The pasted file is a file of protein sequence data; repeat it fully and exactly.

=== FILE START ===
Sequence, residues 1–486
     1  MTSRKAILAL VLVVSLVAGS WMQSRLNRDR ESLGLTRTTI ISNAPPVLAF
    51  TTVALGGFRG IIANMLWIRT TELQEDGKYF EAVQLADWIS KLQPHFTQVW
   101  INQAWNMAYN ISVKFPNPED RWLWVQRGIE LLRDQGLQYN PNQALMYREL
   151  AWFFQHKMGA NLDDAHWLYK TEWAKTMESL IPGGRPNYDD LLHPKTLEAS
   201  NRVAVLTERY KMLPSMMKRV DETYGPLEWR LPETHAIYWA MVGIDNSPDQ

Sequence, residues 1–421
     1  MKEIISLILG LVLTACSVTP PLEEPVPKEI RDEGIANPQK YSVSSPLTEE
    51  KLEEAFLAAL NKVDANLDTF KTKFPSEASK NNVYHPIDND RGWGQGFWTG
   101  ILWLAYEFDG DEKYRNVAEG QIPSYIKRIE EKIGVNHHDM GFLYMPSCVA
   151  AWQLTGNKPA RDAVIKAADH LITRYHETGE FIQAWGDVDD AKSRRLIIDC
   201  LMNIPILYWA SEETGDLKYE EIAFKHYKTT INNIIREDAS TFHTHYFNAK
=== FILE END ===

Sequence, residues 1–486
     1  MTSRKAILAL VLVVSLVAGS WMQSRLNRDR ESLGLTRTTI ISNAPPVLAF
    51  TTVALGGFRG IIANMLWIRT TELQEDGKYF EAVQLADWIS KLQPHFTQVW
   101  INQAWNMAYN ISVKFPNPED RWLWVQRGIE LLRDQGLQYN PNQALMYREL
   151  AWFFQHKMGA NLDDAHWLYK TEWAKTMESL IPGGRPNYDD LLHPKTLEAS
   201  NRVAVLTERY KMLPSMMKRV DETYGPLEWR LPETHAIYWA MVGIDNSPDQ

Sequence, residues 1–421
     1  MKEIISLILG LVLTACSVTP PLEEPVPKEI RDEGIANPQK YSVSSPLTEE
    51  KLEEAFLAAL NKVDANLDTF KTKFPSEASK NNVYHPIDND RGWGQGFWTG
   101  ILWLAYEFDG DEKYRNVAEG QIPSYIKRIE EKIGVNHHDM GFLYMPSCVA
   151  AWQLTGNKPA RDAVIKAADH LITRYHETGE FIQAWGDVDD AKSRRLIIDC
   201  LMNIPILYWA SEETGDLKYE EIAFKHYKTT INNIIREDAS TFHTHYFNAK